Browser extensions like PassProtect warn you if the password you’re using to log into a site is known to have been compromised and listed in a data breach, often based on the excellent Have I Been Pwned service. Chrome and Firefox have introduced password breach notification inside the browser and when macOS Big Sur comes out, Safari will notify users if a password saved in their iCloud Keychain is compromised.

Password breach notification is one of the many Google services that Microsoft stripped out of the open-source Chromium code and replaced with its own version, which will ship in Edge 85 (the next stable version) on both Windows and macOS. Password Monitor, as it’s called, will pop up a notification if any of the username and passwords that you’ve let Edge save appear in a data breach, with a link to go to the site and change your credentials.

SEE: Security Awareness and Training policy (TechRepublic Premium)

There will also be a dashboard in the Password section of Settings (Settings / Passwords / Password Monitor or edge://settings/passwords/passwordMonitor) that will show you any leaked passwords that you haven’t yet dealt with, and any previous alerts that you’ve ignored in case you want to deal with them later. If you’re using the Canary or Dev branches of Edge, you might see the dashboard already, or you might just get a placeholder because the feature is still being rolled out to users, but Password Monitor won’t start scanning your passwordsc for breach notifications until you give Edge permission to do that.

Admins can manage the Password Monitor feature through group policy or registry settings (PasswordMonitorAllowed and SOFTWAREPoliciesMicrosoftEdgeRecommendedPasswordMonitorAllowed). Disable the policy and users won’t be asked for permission to enable the feature and password won’t get scanned; but even if you enable the policy they can still turn the feature off, so you may want to offer training so staff are comfortable that the scanning isn’t a risk to their privacy.

Finding leaked credentials

Like Google, Microsoft’s security team collects its own details about exposed credentials, from similar sources to Have I Been Pwned (with researchers tracking leaks that show up on the so-called ‘dark web’ of hacker forums and sharing sites), but also from attempted attacks on its own services. Office 365, Xbox Live and Outlook are among the first services that attackers try out leaked usernames and passwords on, because so many people reuse the same password on different sites; Microsoft calls this a ‘data breach replay attack’ and it detected 4.6 billion attempts to use passwords lost in data breaches to log into Microsoft services in just one month (May 2018).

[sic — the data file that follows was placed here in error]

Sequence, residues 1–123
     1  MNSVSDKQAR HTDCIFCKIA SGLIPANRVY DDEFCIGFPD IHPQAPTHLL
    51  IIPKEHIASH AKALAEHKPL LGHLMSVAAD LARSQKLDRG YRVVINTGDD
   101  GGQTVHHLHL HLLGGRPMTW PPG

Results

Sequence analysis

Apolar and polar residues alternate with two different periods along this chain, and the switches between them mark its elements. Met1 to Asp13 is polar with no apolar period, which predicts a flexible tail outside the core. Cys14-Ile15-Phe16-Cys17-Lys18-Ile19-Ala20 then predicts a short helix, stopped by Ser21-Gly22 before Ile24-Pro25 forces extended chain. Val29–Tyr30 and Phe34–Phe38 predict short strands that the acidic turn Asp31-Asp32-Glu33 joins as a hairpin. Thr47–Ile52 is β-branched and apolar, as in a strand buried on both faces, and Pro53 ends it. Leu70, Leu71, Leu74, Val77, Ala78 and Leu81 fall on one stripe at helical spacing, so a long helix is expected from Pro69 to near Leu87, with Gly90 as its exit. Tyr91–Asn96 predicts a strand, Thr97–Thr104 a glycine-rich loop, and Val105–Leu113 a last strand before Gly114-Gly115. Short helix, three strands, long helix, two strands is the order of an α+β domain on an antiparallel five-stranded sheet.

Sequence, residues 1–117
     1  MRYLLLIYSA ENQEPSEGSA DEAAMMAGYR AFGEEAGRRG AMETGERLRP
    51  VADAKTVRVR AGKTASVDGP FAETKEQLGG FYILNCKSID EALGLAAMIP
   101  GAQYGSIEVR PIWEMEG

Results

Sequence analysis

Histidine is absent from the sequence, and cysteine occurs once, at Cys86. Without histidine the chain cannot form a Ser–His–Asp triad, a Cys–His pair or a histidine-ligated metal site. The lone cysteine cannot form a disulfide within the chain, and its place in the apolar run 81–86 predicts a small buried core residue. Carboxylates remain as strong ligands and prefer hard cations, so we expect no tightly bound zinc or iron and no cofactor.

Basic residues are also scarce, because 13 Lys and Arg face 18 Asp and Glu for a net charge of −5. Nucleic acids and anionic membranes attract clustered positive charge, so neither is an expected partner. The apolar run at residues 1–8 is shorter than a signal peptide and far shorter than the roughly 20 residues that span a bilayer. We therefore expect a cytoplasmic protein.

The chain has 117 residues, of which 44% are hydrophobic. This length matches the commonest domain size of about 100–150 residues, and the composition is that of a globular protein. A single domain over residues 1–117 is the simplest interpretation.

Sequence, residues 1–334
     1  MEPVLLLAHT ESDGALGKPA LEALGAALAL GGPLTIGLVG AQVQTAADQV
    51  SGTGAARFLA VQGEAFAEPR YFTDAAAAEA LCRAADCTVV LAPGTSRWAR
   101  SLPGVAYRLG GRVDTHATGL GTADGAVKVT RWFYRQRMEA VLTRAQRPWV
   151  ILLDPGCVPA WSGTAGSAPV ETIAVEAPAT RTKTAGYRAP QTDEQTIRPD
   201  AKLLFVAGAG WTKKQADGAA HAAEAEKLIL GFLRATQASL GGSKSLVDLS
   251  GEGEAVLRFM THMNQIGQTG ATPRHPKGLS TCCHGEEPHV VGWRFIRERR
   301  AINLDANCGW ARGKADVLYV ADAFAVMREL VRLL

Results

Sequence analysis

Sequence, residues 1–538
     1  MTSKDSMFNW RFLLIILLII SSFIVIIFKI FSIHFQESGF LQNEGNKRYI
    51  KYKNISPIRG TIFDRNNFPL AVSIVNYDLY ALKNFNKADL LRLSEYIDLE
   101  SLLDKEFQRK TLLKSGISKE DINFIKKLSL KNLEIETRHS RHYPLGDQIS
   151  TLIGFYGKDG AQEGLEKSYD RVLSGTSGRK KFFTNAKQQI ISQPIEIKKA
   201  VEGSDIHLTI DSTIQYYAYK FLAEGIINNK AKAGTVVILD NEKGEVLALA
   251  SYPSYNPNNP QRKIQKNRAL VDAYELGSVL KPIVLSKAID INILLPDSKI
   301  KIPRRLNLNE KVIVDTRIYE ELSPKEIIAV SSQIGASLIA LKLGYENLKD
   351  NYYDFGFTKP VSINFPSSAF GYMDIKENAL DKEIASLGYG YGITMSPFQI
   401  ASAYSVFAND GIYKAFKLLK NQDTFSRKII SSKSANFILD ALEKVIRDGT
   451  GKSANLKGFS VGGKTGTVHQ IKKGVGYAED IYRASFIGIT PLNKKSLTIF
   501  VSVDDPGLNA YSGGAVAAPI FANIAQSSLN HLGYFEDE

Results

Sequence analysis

As of 2018, Microsoft was analysing 18 billion login attempts for 800 million accounts a day. About 300 million of those attempts were from hackers. Given that 3,800 data breaches exposed over 4 billion records in the first half of 2019, there are plenty of genuine passwords to try.

If a password for a different site that you’ve saved in Edge is being used to try and log into one of the Microsoft services you use (either because it’s a common password that attackers are trying out or because you used it for a different site that suffered a password breach), Password Monitor can alert you even if security researchers don’t already have a dump of the passwords from a data breach. Microsoft, Google and other large online services like Facebook (and national cyber security services around the world who confiscate computers from suspects) also share information about leaked credentials and compromised accounts.

Those compromised password lists aren’t used to create the list of banned passwords that Microsoft will stop you using to sign up for a Microsoft service because they’re easy to guess; that’s created by looking at what passwords are used to attack accounts and applying normalisation rules that spot common substitutions like ‘0’ for ‘o’. But enterprises can already use both the banned password list and credential leak protection, along with their own list of banned passwords, to protect passwords used in their own environment — including Active Directory — by using Azure AD Password Protection (which is included in an Azure AD P2 or Microsoft 365 E5 licence).

The identity protection feature in AAD Password Protection uses the same leaked credential information that Edge Password Monitor relies on, as well as looking at patterns in logins (whether users are coming from unusual devices and IP addresses, for example, or if they’re trying to log in from a different country when they wouldn’t have had time to travel there). Edge doesn’t look at details of your connection like that, and getting notifications about compromised credentials doesn’t mean you shouldn’t use a password manager that creates complex passwords that are harder for attackers to guess. But putting the warnings right in the browser where you can quickly go and change a leaked password is important because leaked passwords are used by attackers within minutes of becoming available, rather than hours or days later, which is why these notification services are showing up in all the browsers.